Working in pharmacy requires a lot of interpersonal skills, including good communication skills with both patients and other healthcare providers, empathy, and detail orientation. The hardest thing for me was getting over my fear of talking to people. I used to think I was an introvert, but it turns out I just needed practice to become comfortable talking to people.
What kind of job opportunities are there in your field?
Pharmacy has a lot of opportunities in a variety of areas. I went into retail, which is the most well known and most common (stores like CVS, Walgreens, Walmart, and Costco all have retail pharmacies). Most of the other options require a one- to two-year residency after graduation, during which you can specialize in many different areas. I have friends that went into specializations from general hospital practice to pediatrics to cancer. I also have friends that work in doctors’ offices or other clinics and manage patients’ medications or diseases (like diabetes or high blood pressure). I even have friends who went to really remote areas of the country to provide pharmacy services to under-served populations. Pharmacy is in a really cool place right now; our role is expanding, and pharmacists can really carve out their own specific role if they see a need.
What types of jobs have you had within your profession?
I am actually working in my first job right now, but I did have a lot of experiences while I was in school. The coolest experience I had was in a specialized community pharmacy, where the pharmacists had arrangements with healthcare providers to manage their patients with diabetes. Each week we would contact the patients that we were managing and get the record of their blood sugar levels for the week. With that information, we would adjust their insulin or other medications to make sure their therapy was as good as it could be, including accounting for side effects and medication regimen problems.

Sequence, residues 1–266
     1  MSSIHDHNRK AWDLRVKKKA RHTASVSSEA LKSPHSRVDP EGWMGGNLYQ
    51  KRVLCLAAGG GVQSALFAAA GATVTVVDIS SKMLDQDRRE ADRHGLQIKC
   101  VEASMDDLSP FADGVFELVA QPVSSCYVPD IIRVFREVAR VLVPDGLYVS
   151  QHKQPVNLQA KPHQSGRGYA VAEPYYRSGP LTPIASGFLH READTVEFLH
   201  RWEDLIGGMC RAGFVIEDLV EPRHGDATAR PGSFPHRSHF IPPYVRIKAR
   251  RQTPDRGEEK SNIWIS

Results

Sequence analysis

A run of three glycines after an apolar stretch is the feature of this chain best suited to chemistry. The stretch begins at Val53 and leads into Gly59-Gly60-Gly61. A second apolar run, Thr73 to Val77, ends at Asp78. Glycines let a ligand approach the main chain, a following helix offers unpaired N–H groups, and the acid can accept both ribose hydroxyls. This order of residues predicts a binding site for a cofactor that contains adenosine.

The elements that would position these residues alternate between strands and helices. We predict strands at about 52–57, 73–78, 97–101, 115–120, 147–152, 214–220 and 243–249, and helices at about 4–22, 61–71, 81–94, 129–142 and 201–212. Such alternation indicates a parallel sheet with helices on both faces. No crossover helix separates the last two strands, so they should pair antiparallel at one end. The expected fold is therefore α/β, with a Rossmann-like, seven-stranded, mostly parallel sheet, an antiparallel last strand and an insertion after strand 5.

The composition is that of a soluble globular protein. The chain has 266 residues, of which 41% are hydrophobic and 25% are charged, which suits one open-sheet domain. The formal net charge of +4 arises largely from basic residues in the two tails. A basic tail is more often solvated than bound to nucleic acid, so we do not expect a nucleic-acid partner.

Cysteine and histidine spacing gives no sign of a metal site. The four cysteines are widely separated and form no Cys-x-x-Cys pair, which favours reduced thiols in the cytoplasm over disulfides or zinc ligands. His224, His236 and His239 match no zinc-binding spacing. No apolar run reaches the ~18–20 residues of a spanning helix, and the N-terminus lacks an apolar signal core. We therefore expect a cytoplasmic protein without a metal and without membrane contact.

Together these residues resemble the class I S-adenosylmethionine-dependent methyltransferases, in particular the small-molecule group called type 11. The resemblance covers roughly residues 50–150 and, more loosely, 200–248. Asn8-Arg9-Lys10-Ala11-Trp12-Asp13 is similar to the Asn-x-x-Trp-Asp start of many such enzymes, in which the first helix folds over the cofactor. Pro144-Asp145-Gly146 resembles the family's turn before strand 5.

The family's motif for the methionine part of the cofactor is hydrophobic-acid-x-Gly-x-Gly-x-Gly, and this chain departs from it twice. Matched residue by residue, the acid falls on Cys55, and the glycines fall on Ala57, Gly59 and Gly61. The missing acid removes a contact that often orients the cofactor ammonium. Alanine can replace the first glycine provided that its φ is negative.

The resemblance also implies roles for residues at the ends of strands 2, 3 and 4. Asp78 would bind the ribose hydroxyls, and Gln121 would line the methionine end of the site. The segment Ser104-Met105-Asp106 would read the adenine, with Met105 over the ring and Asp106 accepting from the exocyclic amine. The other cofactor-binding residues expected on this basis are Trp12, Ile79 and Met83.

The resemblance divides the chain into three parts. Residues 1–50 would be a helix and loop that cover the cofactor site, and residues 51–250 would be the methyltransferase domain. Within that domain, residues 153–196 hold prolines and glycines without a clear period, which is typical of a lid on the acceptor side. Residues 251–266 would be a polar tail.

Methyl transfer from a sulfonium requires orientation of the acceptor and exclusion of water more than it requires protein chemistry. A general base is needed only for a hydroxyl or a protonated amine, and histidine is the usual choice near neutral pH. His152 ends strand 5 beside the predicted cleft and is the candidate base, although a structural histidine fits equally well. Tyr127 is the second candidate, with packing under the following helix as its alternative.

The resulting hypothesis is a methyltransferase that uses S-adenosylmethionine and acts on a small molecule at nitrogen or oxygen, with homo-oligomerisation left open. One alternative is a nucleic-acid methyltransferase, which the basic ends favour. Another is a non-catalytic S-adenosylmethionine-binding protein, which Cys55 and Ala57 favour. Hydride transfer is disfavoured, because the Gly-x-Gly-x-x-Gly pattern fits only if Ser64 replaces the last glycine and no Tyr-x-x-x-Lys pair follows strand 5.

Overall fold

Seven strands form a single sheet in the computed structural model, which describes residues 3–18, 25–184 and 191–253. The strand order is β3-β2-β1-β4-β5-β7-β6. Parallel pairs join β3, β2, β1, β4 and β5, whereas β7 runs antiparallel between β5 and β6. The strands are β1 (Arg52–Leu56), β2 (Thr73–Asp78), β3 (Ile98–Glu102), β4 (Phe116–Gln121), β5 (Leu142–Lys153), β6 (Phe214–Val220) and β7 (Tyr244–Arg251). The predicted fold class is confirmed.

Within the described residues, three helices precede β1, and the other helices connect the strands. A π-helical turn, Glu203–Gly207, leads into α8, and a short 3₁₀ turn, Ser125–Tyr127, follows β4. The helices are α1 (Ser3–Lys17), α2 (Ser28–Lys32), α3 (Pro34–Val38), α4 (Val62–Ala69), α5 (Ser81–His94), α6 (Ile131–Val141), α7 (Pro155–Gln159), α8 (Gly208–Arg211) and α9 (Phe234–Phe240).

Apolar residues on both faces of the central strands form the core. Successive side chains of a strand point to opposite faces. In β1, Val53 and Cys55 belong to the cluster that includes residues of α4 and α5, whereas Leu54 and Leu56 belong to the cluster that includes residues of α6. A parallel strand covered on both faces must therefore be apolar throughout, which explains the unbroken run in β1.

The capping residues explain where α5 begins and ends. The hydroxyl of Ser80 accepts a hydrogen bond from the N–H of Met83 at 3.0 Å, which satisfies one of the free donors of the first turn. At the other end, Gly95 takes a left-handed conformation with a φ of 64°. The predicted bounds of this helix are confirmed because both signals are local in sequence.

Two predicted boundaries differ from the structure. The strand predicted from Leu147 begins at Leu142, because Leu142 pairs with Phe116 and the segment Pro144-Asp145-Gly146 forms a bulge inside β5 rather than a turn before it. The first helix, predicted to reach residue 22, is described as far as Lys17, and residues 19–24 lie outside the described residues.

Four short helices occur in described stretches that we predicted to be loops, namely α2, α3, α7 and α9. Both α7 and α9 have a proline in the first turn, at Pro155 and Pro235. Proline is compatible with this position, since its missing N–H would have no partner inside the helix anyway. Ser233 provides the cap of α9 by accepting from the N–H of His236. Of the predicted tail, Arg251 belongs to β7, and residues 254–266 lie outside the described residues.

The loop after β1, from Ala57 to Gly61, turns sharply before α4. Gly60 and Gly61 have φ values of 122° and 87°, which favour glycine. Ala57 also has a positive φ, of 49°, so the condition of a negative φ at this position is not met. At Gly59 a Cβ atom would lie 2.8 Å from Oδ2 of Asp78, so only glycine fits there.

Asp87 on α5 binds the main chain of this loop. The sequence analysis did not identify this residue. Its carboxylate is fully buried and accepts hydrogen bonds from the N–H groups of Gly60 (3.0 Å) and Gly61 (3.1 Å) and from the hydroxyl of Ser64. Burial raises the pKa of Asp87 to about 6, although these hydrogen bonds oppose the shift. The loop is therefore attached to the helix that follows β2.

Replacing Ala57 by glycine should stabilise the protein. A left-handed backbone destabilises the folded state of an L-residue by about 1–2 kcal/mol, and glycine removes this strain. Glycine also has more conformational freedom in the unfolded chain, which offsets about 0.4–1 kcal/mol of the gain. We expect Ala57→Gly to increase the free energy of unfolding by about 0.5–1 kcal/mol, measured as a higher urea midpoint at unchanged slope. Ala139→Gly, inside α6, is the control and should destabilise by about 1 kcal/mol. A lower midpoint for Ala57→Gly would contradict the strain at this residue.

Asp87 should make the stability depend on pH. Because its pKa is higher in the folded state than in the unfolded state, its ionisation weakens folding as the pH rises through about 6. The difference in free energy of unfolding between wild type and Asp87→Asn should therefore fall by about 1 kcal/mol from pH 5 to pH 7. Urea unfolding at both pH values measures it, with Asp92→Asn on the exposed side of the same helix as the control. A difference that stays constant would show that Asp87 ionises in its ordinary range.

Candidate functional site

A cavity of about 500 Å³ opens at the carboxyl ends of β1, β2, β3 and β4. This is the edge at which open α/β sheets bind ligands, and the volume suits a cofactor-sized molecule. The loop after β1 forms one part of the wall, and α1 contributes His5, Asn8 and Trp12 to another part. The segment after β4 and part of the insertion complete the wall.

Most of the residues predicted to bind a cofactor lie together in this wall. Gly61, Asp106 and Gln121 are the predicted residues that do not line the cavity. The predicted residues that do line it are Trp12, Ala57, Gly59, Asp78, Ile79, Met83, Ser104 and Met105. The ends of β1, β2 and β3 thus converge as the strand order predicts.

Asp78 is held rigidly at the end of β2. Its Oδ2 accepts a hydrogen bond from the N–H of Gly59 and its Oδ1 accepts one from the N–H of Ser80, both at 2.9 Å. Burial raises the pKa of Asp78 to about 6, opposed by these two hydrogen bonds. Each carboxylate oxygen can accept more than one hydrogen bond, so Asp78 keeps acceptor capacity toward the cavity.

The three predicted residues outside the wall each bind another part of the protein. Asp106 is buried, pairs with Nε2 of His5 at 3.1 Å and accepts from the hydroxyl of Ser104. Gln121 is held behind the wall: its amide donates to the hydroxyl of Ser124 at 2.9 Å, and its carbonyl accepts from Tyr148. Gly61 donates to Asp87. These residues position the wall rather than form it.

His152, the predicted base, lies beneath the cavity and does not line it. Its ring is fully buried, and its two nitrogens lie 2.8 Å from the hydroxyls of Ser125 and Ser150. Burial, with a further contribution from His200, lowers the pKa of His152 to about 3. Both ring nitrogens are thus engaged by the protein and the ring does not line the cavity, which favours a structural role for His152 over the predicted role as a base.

What is the best part of your job?
I love counseling patients. I love when people come in to see me (or call me) to ask about a medication they just started or about something over-the-counter (or anything else!) and they actually listen to me. I think my favorite part is when a patient comes in with a problem and I am able to look at his or her medications and work the patient through it.
One of the best experiences I have had in my profession was when a woman came in for a medication she had been taking for months. When I looked at her medication, I saw that it also interfered with a different drug she was taking for her asthma. After talking to her I found out that she felt her asthma hasn’t been as well controlled since the time she started this other medication, and I was able to help her understand why. I love being able to make a difference for people.
What is the worst part of your job?
Sometimes it can be hard to work in retail because of all the people you see on a daily basis. When people come to the pharmacy they are usually not feeling their best, and that can often translate into their mood. While dealing with cranky or angry patients is not fun, I take comfort in knowing that I’m helping them, which can help while you are being yelled at for something that isn’t your fault.
Like any profit-driven business, retail pharmacy likes to see an increase in sales, which sometimes translates into number-oriented goals that aren’t always directly in line with helping patients. For instance, I frequently have wait-time goals in the pharmacy that I’m encouraged to meet, which might push me to cut counseling with a patient shorter than I’d like.
What’s the work/family/life balance like?
I have a great balance in all the areas of my life. With my job I am able to work just four days per week (or more if I want to), which leaves me a lot of time to be home with my husband and son. I also do not take work home with me, so when I am home, I can really be present with my family. The only drawback is that I do have to work about every other Sunday, so I have to make some extra effort to make sure I am taking care of my spiritual needs and building relationships with members of my ward, because I miss a lot more church than I did before I started working.